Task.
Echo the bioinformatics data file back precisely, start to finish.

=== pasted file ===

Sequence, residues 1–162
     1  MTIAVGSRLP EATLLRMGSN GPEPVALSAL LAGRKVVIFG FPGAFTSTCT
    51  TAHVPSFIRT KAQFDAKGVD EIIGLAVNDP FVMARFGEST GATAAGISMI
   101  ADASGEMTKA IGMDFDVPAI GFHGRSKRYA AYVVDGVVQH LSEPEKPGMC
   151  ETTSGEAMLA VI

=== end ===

Sequence, residues 1–162
     1  MTIAVGSRLP EATLLRMGSN GPEPVALSAL LAGRKVVIFG FPGAFTSTCT
    51  TAHVPSFIRT KAQFDAKGVD EIIGLAVNDP FVMARFGEST GATAAGISMI
   101  ADASGEMTKA IGMDFDVPAI GFHGRSKRYA AYVVDGVVQH LSEPEKPGMC
   151  ETTSGEAMLA VI